The book also is a good length. Had the author included everything I mentioned above, the book would certainly be almost double the length, making it too long to conceivably read in your spare time.
So should you read it?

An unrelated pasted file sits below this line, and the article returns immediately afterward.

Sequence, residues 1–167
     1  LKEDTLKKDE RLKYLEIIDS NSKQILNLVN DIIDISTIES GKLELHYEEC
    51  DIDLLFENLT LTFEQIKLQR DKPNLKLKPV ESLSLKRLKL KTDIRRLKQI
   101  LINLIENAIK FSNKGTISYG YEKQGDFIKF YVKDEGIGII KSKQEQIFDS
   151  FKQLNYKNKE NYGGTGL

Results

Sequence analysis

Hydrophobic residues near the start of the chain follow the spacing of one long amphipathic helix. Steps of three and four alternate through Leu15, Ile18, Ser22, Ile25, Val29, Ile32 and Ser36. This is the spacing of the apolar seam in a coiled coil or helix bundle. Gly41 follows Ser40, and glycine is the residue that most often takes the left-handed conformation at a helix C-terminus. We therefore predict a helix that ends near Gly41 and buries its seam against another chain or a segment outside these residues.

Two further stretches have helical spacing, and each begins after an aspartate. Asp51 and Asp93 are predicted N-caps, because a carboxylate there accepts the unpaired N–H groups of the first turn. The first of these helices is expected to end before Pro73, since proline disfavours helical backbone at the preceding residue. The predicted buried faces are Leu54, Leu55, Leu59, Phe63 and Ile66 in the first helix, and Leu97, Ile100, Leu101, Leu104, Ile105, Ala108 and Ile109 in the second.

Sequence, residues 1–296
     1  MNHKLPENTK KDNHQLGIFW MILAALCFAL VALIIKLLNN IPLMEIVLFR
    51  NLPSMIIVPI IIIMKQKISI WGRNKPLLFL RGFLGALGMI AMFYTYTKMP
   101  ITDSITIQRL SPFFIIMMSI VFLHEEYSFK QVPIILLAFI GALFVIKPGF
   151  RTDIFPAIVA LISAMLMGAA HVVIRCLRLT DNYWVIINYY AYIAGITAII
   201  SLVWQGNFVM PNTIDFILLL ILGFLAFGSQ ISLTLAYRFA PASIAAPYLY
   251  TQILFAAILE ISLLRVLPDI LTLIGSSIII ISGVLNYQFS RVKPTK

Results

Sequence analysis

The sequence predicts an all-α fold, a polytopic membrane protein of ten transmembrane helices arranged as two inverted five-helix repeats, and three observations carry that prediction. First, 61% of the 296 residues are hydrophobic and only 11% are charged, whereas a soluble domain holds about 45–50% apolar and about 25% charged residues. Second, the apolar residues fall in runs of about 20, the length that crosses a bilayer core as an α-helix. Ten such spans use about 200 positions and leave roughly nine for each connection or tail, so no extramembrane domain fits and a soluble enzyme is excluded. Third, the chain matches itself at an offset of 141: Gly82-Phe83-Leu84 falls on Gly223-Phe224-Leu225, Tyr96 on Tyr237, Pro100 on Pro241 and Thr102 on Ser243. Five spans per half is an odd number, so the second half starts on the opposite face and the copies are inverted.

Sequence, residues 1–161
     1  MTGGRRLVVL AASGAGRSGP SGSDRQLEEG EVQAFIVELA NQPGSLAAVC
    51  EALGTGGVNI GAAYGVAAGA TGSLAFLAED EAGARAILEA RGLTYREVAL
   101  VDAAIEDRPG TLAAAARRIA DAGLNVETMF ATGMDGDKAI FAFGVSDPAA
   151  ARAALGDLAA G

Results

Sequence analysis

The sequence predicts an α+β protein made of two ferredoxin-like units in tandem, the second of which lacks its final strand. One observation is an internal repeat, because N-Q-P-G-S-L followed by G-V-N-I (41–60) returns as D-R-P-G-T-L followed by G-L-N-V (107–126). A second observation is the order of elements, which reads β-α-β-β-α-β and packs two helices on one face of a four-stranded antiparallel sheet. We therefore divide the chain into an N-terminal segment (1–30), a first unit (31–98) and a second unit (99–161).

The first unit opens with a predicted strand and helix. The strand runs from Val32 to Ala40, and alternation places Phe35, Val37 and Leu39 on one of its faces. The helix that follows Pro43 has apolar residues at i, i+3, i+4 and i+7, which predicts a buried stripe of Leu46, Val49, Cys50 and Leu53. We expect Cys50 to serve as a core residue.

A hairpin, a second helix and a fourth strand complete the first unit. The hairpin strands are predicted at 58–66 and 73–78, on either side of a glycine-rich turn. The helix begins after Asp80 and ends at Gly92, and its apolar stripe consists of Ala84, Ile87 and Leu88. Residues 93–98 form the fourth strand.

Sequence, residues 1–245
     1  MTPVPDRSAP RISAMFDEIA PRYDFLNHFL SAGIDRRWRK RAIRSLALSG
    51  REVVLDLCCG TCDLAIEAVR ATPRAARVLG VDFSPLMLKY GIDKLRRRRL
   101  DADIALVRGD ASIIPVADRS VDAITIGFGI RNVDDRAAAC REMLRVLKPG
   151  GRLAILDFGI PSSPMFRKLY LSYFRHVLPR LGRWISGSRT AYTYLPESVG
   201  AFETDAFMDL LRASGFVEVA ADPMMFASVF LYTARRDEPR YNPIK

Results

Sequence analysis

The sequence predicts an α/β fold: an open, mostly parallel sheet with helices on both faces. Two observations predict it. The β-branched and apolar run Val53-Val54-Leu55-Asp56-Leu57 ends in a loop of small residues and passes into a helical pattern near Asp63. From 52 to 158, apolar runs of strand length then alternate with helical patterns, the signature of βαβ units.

In a word, yes. This is an excellent survey of history that treats no one as infallible, but rather examines the sources of what happened in American life in the 20th Century to make us into the highly divided, passionate nation we our today. If you are a Christian like me, prepare to wince when you read the extensive expositions of Billy Graham’s political involvement and the striking passages about how easily pastors were manipulated. If you are a Republican, prepare for a brutal look inside the politicking of faith. If you are a Democrat, prepare to walk away from this book needing to do a bit more research on how your own party has manipulated religion, because unfortunately this book won’t cover it. Regardless, every American interested in the intersection of faith, politics, history, and business should read this book.